IRS Criminal Investigation Process

The most frightening thing the IRS can do to you is open up a criminal investigation. The Internal Revenue Service Criminal Investigation Division (CID) conducts criminal investigations of individuals and firms under suspicion of committing tax fraud or other serious financial crimes. The CID looks for violations of the Internal Revenue Code, the Bank Secrecy Act, or for significant discrepancies in tax returns that constitute tax fraud. Examples such as deliberately under reporting income or intentionally failing to file a tax return can spark an IRS investigation.

Although only a handful of the millions of taxpayers undergo investigation, those who do are usually convicted and face devastating consequences. According to the IRS website, 3,853 criminal investigations were initiated in 2015 with 2,879 convictions and 80.8% of those investigated sent to prison. Alongside incarceration, a criminal investigation can result in huge fines, the loss of licenses, and the closure of businesses.

It’s important to understand that an investigation by the CID is very different and much more dangerous than an audit. Whereas the IRS during an audit seeks to find errors in a return in order to collect funds for the agency, the CID seeks not to collect money but only to prosecute you.

Warning Signs

More often than not, you will not be notified immediately when the investigation begins. If you are being audited, warning signs that the audit has turned into a criminal investigation include:

  • The IRS auditor who has been conducting your audit suddenly stops contacting you and will not return your calls for days or weeks at a time. This is not luck and no, they did not decide to just let you off easy. Your case may have been referred to a Special Agent in the CID. The auditor reviewing your return is no longer is in control of your case and ceases contact with you in order to prevent any obstruction to prosecution.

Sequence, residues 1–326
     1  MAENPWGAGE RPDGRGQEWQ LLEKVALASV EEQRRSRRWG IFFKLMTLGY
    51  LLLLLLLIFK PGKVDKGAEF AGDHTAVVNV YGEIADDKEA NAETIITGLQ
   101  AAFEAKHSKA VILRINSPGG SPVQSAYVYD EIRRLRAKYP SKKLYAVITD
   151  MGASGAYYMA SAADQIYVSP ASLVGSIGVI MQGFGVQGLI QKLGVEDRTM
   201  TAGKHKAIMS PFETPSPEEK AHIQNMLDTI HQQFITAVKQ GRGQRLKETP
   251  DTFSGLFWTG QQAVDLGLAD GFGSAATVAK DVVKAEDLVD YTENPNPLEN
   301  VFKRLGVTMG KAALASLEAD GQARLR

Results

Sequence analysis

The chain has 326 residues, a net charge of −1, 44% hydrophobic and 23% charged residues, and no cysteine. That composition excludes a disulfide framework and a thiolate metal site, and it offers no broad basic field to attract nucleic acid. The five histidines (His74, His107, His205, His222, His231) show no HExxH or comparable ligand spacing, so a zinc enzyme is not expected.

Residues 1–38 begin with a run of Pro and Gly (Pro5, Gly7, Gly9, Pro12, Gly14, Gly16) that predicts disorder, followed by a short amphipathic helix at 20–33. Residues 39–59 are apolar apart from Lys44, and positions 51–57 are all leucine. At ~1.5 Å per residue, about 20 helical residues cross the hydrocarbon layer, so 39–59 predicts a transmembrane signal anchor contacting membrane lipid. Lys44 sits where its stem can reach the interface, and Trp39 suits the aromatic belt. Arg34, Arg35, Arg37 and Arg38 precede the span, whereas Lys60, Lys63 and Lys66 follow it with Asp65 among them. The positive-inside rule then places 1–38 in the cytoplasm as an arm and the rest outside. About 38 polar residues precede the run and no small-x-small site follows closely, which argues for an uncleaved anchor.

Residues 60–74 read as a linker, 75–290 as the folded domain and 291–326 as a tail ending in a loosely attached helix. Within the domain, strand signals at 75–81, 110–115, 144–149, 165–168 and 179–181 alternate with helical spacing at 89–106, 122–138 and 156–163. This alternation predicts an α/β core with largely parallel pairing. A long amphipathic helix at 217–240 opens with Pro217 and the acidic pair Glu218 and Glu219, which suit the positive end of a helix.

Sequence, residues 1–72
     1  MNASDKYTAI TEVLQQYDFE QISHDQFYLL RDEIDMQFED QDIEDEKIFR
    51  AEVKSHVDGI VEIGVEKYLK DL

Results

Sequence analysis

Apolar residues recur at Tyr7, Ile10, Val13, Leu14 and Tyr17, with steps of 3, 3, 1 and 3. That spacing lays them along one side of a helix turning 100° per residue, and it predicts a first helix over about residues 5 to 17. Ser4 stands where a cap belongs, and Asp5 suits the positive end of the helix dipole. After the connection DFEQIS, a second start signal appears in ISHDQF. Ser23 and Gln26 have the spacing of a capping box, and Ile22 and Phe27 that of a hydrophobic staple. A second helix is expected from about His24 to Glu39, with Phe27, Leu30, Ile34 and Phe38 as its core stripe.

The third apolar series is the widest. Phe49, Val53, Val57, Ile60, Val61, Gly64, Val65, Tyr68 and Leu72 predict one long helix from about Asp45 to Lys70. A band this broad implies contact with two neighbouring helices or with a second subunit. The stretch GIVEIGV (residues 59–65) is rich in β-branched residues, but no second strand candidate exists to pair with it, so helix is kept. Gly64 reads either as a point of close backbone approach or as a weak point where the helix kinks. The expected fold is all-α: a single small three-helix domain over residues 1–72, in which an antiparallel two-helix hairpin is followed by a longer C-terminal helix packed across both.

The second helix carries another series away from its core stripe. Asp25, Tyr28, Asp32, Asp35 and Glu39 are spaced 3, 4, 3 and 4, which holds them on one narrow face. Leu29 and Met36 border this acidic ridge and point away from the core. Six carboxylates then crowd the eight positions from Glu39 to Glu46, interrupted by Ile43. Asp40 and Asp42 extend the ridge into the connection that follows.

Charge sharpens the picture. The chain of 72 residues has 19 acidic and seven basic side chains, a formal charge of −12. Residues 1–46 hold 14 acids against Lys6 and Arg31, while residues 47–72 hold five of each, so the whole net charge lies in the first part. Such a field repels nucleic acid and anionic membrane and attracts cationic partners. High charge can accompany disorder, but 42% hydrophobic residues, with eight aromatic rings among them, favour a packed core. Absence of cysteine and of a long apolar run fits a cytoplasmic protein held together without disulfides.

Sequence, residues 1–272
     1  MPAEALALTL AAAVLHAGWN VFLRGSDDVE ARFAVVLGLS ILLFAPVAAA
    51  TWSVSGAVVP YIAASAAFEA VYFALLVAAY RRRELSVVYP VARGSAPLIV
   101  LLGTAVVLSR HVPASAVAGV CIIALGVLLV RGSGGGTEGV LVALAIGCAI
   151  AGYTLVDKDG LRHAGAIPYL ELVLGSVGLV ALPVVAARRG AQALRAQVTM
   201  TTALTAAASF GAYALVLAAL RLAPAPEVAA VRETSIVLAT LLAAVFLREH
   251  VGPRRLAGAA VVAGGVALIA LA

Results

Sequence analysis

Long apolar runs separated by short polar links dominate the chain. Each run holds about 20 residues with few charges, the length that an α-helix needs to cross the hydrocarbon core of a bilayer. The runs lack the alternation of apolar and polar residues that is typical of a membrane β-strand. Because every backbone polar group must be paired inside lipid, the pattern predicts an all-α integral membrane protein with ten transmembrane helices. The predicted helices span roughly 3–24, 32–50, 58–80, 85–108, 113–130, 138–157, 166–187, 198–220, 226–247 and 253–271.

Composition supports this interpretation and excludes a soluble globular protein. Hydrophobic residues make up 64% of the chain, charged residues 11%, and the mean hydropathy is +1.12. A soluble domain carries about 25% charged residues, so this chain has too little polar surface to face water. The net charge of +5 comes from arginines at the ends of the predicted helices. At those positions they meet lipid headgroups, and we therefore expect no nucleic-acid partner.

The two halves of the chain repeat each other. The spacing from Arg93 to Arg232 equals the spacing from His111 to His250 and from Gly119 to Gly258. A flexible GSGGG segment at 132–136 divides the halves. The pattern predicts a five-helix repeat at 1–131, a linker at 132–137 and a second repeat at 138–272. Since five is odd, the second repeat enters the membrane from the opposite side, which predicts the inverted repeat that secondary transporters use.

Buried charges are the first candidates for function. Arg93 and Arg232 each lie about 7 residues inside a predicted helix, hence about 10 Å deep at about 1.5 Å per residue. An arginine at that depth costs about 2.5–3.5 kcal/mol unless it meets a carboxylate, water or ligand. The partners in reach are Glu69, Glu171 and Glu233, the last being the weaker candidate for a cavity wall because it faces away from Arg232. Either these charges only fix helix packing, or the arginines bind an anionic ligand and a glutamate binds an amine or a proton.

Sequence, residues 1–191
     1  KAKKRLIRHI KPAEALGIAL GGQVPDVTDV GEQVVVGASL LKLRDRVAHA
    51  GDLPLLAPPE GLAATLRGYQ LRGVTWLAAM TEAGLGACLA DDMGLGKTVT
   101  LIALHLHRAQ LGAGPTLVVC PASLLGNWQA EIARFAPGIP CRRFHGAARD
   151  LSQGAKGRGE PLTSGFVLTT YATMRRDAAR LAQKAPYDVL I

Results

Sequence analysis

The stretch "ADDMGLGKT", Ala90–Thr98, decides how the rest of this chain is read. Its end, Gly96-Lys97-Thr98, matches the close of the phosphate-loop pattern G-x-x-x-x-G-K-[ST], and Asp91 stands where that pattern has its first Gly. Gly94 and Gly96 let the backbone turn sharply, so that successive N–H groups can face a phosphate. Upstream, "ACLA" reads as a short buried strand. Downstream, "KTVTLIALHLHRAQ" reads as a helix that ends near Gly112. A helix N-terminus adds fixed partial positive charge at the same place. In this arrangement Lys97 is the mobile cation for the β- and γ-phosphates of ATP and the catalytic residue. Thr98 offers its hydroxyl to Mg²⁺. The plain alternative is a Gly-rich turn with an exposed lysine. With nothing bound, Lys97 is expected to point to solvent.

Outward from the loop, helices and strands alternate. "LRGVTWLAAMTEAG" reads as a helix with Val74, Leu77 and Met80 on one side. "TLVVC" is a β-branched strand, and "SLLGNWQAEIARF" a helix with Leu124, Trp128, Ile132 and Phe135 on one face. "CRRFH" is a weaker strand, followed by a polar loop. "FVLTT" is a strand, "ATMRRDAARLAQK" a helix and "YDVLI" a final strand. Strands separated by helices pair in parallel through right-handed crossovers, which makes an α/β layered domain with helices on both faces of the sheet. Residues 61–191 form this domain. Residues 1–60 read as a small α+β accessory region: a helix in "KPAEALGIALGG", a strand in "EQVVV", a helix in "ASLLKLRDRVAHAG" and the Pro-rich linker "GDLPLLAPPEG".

• Your bank informs you that the CID using a summons or the local U.S Attorney’s Office using a grand jury subpoena are collecting copies of your bank records. Hiring representation will allow you to follow the IRS investigation and acquire the same records the IRS collects.
  • Your accountant is contacted by the CID or is subpoenaed to appear before a grand jury and hand over your tax records. Unfortunately, you are not given the same confidentiality guarantees with your accountant that you are with your lawyer. Not only does the accountant have to bring forward your records but they may also be called to testify, using any conversations you’ve had with them against you. While there is such a thing as accountant-client privilege, it does not apply in criminal investigations.
  • You are in the middle of an audit and the IRS informs you that a different year’s return has also been selected for examination.

How it’s Initiated

Criminal investigations usually begin when the auditor finds suspicious or significant errors in your tax return and refer your case to the CID. Investigations can also be based off of information given by other law enforcement agencies such as the FBI or the United States Attorney’s office. It is important to note that if the auditor finds indications of fraud, they are required to suspend your audit without telling you. It is illegal for the IRS to conduct a criminal investigation while you think it is an audit, but they will not tell you that your case has been given to the Criminal Investigation Division.

When your case is referred to the CID, it is given to a Special Agent. Like other agencies, IRS Special Agents are highly trained and armed  federal law enforcement officers conducting the investigation. The investigation begins with what is called the “primary investigation” which is a preliminary evaluation of your financial records, tax return, etc. The special agent analyzes your information to determine if fraud or other financial crimes are present. The agent has to acquire approvals before he can contact your bank/employer and needs special authorization before they can ask the grand jury to use its subpoena power to collect certain documentation. Once the special agent concludes his preliminary examination, they hand it to their front line supervisor who will then determine if there is significant evidence to approve investigation. Upon approval, the special agent is given permission to conduct a “subject criminal investigation.”